8. https://www.nytimes.com/2018/12/05/climate/greenhouse-gas-emissions-2018.html
  9. Reprinted from the 2018 Global Carbon Budget
  10. Data from 1850 to 2010 inclusive: p. 1404, Table AII.1.2 IPCC, 2013: Annex II: Climate System Scenario Tables [Prather, M., G. Flato, P. Friedlingstein, C. Jones, J.-F. Lamarque, H. Liao and P. Rasch (eds.)]. In: Climate Change 2013: The Physical Science Basis. Contribution of Working Group I to the Fifth Assessment Report of the Intergovernmental Panel on Climate Change [Stocker, T.F., D. Qin, G.-K. Plattner, M. Tignor, S.K. Allen, J. Boschung, A. Nauels, Y. Xia, V. Bex and P.M. Midgley (eds.)]. Cambridge University Press, Cambridge, United Kingdom and New York, NY, USA. Data from 2011 to 2017 inclusive: Ed Dlugokencky and Pieter Tans, NOAA/ESRL, https://www.esrl.noaa.gov/gmd/ccgg/trends/gl_data.html
  11. Fossil fuel combustion and cement production emissions: Boden, T. A., Marland, G., and Andres, R. J.: Global, Regional, and National Fossil-Fuel CO2 Emissions, Oak Ridge National Laboratory, U.S. Department of Energy, Oak Ridge, Tenn., U.S.A., doi 10.3334/CDIAC/00001_V2017, 2017; available at: http://cdiac.ess-dive.lbl.gov/trends/emis/overview_2014.html.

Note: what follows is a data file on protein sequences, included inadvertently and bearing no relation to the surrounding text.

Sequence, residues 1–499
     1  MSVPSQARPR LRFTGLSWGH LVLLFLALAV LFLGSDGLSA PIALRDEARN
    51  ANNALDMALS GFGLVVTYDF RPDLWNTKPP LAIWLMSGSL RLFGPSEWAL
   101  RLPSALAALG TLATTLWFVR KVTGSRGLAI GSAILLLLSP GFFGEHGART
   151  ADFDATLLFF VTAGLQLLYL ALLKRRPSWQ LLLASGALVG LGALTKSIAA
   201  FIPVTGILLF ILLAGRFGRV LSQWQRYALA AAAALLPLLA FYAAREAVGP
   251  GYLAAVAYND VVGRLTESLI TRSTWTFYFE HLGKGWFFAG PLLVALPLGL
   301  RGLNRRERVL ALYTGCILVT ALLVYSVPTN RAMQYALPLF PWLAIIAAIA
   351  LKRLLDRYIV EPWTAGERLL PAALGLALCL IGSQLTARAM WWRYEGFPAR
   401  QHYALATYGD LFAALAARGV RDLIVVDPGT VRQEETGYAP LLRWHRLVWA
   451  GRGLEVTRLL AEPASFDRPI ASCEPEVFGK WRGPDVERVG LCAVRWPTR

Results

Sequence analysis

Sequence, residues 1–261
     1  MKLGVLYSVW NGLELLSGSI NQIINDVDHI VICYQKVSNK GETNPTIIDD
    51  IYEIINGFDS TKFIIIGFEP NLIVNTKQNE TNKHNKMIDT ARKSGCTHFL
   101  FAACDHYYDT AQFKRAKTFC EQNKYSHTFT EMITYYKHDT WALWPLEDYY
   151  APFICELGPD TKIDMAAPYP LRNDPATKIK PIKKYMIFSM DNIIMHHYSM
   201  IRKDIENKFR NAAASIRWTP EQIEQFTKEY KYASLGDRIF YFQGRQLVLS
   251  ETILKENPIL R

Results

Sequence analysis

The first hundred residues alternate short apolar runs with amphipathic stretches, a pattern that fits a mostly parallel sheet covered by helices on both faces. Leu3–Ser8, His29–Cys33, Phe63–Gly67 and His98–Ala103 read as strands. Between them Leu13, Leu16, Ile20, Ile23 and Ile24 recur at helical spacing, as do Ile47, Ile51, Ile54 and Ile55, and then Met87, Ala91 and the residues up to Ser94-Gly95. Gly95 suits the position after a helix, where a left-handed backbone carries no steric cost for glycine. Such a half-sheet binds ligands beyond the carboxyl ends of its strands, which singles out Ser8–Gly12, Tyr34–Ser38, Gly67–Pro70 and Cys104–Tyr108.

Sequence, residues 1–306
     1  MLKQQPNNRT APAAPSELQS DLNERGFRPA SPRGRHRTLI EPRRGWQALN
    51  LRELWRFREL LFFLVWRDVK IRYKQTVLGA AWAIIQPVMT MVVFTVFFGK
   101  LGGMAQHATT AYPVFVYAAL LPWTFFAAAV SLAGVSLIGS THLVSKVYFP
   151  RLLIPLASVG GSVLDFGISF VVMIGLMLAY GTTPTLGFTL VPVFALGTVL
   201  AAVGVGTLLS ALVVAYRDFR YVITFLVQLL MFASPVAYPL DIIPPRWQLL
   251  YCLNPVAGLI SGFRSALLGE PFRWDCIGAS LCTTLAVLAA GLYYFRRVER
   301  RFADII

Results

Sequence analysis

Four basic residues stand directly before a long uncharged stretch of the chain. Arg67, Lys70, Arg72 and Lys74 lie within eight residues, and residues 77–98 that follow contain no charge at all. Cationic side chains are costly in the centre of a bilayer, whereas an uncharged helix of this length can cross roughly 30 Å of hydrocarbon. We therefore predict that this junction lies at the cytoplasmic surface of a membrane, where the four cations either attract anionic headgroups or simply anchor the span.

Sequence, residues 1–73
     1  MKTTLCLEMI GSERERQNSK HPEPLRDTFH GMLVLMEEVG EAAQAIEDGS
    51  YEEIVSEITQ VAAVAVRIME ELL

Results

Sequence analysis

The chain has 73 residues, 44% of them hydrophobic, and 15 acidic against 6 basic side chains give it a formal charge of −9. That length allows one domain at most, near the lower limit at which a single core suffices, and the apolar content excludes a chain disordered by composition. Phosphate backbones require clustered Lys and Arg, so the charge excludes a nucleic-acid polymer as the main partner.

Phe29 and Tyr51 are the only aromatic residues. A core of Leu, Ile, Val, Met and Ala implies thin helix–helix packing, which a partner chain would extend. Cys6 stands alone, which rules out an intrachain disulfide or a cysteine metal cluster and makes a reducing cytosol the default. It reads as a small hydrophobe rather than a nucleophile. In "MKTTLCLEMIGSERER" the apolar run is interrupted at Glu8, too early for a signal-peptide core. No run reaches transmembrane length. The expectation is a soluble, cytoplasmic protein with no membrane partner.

12. https://www.esrl.noaa.gov/gmd/ccgg/trends/gl_gr.html
  13. Boden, T. A., Marland, G., and Andres, R. J.: Global, Regional, and National Fossil-Fuel CO2 Emissions, Oak Ridge National Laboratory, U.S. Department of Energy, Oak Ridge, Tenn., U.S.A., doi 10.3334/CDIAC/00001_V2017, 2017; available at: http://cdiac.ess-dive.lbl.gov/trends/emis/overview_2014.html. Value for 2018 is projection made in 2018 Global Carbon Budget
  14. Data for 2015 shown in the latest global budget Excel file. See pages named Fossil Emissions by Fuel Type and Land-Use Change Emissions. Calculations are: Total = (9,831 + 1,520) = 11,351 MtC. Fossil fuel plus flaring emissions = (4,006 + 3,346 + 1,899 + 68) / 11,351 = 82%, Cement emissions = 545 / 11,351 = 5%, Land Use Change emissions = 1,520 / 11,351 = 13%
  15. Data for 2016 shown in the link for the above endnote. Calculations are: Total = (9,875 + 1,270) = 11,145 MtC. Fossil fuel plus flaring emissions = (3,950 + 3,406 + 1,899 + 68) / 11,145 = 84%, Cement emissions = 552 / 11,145 = 5%, Land Use Change emissions = 1,270 / 11,145 = 11%